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Ward 3 Cloquet Council Candidate profile: Uriah Wilkinson

 

November 1, 2019

Ward 3 Cloquet Council Candidate profile: Uriah Wilkinson

PKN: Briefly summarize your personal background and qualifications.

Wilkinson: I have been a resident of Cloquet (with my five children) for 25-plus years, and have been working in the real estate industry for the past 15. I have served on the Cloquet Planning Commission for going on eight years as well as task forces including housing, transportation and zoning.

PKN: What made you decide to run for Cloquet City Council?

Wilkinson: This is an important time for Cloquet and not just because there will be a new city administrator and police chief but providing direction to address housing, infrastructure and economic opportunities. Our residents, particularly in Ward 3, face a property tax burden that is unequal to similar sized communities.

PKN: What do you think are the top two issues facing the city of Cloquet and how would you go about tackling those?

Wilkinson: Housing: A housing study was performed by a third party company around 6 years ago that highlighted where the City of Cloquet has needs. With 3 new units constructed, most of the shortage for rental housing has been addressed but there is still a need for single family dwellings as well as 55-plus housing. With the school district closing open enrollment, this demand is only going to increase. We as a city need to identify areas for this type of housing and look into building in the infrastructure to support such development.

Getting back to work: This is a community that has been marred with mistrust directed at the previous council and City employees. The new council has done a good job with transparency but a focus on getting back to work and moving past the problems of our past is indicative of the success to this Cities future. If there isn't a focus on the direction that I spoke previously about, it will only serve as a strain for each resident and missed opportunities for a successful future.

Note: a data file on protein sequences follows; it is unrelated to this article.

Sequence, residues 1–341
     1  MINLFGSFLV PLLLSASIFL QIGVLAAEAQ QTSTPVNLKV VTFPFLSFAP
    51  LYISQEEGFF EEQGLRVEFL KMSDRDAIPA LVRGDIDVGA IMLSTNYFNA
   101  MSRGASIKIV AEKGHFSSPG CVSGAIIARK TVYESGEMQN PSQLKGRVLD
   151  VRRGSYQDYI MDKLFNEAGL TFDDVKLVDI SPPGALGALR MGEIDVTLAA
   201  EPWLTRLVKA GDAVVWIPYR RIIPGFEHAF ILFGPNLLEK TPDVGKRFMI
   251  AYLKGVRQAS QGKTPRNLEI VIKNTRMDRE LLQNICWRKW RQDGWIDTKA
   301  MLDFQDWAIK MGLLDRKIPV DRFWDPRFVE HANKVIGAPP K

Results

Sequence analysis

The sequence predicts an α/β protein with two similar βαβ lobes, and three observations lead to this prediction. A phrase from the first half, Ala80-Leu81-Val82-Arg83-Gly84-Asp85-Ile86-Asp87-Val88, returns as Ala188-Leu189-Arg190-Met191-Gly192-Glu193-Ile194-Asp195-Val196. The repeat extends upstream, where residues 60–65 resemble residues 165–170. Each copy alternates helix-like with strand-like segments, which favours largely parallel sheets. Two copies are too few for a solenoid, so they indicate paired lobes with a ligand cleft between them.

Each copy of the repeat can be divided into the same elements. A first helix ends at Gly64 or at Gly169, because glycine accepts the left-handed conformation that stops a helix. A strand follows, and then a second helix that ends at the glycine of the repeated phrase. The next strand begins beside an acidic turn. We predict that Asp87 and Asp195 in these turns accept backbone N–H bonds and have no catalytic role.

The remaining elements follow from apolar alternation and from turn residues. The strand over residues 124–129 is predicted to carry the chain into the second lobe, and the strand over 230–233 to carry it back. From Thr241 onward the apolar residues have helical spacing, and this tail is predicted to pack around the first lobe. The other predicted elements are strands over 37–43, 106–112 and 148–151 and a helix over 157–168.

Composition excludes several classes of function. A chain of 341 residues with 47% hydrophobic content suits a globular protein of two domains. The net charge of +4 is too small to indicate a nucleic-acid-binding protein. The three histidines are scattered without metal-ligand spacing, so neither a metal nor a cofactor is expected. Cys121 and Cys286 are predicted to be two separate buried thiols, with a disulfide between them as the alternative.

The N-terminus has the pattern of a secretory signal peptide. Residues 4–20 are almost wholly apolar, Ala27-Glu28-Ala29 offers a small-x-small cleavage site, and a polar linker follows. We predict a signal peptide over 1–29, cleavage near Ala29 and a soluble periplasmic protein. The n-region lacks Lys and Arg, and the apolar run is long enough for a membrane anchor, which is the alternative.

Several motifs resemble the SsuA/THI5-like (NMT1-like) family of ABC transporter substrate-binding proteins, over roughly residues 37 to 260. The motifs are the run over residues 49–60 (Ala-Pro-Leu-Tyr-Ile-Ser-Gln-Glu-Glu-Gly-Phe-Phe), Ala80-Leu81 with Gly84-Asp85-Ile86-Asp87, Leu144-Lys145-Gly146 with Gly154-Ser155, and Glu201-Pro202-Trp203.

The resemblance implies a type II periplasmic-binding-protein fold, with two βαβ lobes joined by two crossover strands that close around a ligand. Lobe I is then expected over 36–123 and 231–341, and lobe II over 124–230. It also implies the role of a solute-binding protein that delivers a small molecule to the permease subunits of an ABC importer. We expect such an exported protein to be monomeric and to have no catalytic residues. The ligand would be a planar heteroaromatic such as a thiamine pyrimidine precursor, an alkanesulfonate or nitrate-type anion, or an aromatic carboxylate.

PKN: There are large possible expenditures on the horizon for Cloquet taxpayers in the next few years, including the recently approved library expansion, expensive updates to the hockey arenas, and a possible plan by the city for a $10 million public works facility. Then there's the new police study, which basically recommended the city hire more police officers, and the simple fact that spending always seems to go up. How would you prioritize any new spending?

Wilkinson: With an overage of 250,000 in the police budget we may ask ourselves, how did this happen? The truth is, the last police study had provided similar suggestions within this last decade. The overtime that was required to properly staff the protection of this city is the largest contributing factor to this overage. Now is not the time to short-hand our department. By adequately staffing the CPD and holding accountable the new police chief to work within the budget constraints will prove that these overages will not occur again.

Capitalizing on outside funding mechanisms to help bring down the shock of large bonding, to fund some of these projects has been utilized for the above mentioned and will continue to be in the future.

 
 

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